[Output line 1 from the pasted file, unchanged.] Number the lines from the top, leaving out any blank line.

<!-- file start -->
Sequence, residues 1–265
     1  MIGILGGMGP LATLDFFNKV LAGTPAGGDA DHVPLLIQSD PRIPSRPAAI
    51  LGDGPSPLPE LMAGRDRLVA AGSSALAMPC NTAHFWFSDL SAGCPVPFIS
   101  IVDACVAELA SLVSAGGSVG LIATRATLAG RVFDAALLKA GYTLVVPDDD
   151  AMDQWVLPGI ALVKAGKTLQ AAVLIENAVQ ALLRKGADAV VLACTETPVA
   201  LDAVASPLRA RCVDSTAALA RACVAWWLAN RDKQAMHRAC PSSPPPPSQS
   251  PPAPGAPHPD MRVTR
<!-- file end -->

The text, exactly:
Sequence, residues 1–265